Illegal Sports Book Operation Sinks San Diego’s Last Card Room

Illegal Sports Book Operation Sinks San Diego's Last Card Room

On Thursday, California Attorney General Rob Bonta announced a settlement of a case brought against Lucky Lady Casino in San Diego. This came after allegations in 2016 that the Casino was peddling illegal operations. Most of which included illegal Sports Gambling.

Under the settlement, the Lucky Lady owner’s gambling license was revoked. The owner has to pay $125,000 in penalties and $50,000 to reimburse the cost associated with the DOJ investigation.

Outside of the lawsuit’s impact, the Lucky Lady was already set to close its doors. They shut down operations amidst the Covid-19 Pandemic.

Attorney General Bonta issued a statement saying, “when you don’t play by the rules, you pay the price. When a person decides profits are more important than the law, we must take action and enforce the law.”

On the heels of the 2016 lawsuit, The California DOJ instituted an emergency order. It required proper recording of monies, hiring an independent manager, and removing the owner from the cardroom’s operation.

Part of the full accusation reads:

“The Commission has jurisdiction over the operation and concentration of gambling establishments and all persons and things having to do with operation of gambling establishments.”

The owner was charged with participation in a racketeering conspiracy (RICO).

The Man Behind the Lucky Lady

Stanley Samuel Penn is the man behind the Lucky Lady’s operations. It was one of the last legally operating licensed card club in San Diego. The last of a dying breed, the cardroom hosted family-style card games legally and were left mostly unbothered.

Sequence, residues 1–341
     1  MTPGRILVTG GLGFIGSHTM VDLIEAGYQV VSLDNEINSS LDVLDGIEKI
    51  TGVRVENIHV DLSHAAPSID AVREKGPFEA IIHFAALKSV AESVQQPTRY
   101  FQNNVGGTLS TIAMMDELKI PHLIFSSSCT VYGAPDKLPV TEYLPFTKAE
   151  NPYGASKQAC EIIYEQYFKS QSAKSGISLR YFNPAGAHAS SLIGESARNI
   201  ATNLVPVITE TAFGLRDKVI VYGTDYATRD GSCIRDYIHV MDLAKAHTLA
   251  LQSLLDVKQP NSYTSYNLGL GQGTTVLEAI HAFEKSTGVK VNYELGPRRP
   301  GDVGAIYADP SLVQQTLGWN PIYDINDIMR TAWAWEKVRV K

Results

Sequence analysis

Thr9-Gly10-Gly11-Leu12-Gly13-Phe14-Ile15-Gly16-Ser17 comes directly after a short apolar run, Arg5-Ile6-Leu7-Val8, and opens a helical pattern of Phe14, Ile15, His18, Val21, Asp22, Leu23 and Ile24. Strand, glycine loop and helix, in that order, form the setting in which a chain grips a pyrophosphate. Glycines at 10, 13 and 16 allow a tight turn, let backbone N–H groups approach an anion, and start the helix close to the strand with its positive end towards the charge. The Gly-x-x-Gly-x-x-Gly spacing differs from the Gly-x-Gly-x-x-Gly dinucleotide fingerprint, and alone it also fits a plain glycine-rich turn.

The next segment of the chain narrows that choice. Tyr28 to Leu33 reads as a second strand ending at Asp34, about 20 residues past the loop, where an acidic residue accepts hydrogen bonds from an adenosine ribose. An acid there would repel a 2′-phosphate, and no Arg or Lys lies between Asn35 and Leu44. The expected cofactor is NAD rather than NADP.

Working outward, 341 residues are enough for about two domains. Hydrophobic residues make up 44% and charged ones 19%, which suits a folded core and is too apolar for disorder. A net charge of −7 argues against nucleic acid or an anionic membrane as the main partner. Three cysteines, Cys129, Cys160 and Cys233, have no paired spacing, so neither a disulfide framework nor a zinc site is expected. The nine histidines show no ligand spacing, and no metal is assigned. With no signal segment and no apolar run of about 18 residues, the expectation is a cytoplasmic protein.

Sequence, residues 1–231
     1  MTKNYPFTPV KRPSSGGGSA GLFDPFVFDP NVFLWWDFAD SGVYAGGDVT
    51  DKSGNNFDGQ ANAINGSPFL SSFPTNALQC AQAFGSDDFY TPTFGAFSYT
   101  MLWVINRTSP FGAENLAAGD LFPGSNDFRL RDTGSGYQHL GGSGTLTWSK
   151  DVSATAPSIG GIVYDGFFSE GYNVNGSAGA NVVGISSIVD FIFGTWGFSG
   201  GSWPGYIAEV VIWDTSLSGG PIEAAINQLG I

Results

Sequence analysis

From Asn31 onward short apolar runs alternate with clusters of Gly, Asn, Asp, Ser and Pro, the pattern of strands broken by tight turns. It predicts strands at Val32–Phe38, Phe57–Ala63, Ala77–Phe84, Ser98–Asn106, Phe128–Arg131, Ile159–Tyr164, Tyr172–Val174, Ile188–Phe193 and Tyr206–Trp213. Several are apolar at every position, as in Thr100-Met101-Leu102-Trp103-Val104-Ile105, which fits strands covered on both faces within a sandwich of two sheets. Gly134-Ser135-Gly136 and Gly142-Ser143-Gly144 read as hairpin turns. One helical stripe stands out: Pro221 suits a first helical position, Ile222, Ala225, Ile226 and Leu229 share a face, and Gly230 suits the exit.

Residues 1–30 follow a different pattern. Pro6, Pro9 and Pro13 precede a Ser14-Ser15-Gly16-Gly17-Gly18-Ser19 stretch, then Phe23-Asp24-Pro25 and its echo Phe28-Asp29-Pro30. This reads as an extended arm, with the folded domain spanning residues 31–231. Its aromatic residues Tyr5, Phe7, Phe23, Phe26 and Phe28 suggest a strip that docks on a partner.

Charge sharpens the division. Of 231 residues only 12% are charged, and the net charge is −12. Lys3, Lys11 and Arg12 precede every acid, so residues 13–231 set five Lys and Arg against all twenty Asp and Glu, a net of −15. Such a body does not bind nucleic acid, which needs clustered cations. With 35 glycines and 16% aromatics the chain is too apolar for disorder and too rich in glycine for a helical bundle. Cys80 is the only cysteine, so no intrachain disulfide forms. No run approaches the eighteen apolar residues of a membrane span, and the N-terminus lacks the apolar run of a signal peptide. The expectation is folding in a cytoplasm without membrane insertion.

But over time, new requirements and regulations, which outdted Penn’s methods of operation, backed him under scrutiny. Jarhett Blonien, a representative and lobbyist for card rooms in California said, “A guy like Stanley Penn was used to operating in a certain way for a long time. The step-up in regulations passed some of these mom-and-pops by.”

This case marks the end of the single owner card room in the State. Richard Schuetz, a former member of the California Gambling Control Commission, said card rooms like the Lucky Lady will be part of the past.

The End for Mom and Pop Cardrooms, and a Possible Renaissance

We can date the downfall of mom and pop card rooms back to 1983. San Diego City Council passed a law that prohibited the sale, lease or transfer of any existing license. That meant any owners of current card rooms open at the time would be the last. They could not sell the license or pass it off to members of their family.

But over time, sentiments around gambling began changing. But the benefactors of the changing sentiment would be California’s tribes. Larger casinos devoted to large scale gambling began to take form as state voters voiced in favor of tribal casinos offering Las Vegas-style gambling. But bringing smaller card rooms back like the Lucky Lady has recieved partial support.

Not to the surpise of many in California, Illegal gambling has been on the rise as legal card rooms have faded. Councilmember Sean Elo-Rivera said, “If by failing to allow for a legal operation in the city you are likely increasing the level of illegal activity.”

To him, he added, ” thats seems like a factor to consider in determining a path forward.”

While small mom and pop card rooms and casinos appear now as a pasttime, we may see a revitalization. As sports betting and gambling becomes mainstream, so too might smaller shops. People may want to either tap into the nostalgia of card rooms, or have an alternative to the extravagance that comes with the larger casinos.

Author: Erika Simmmons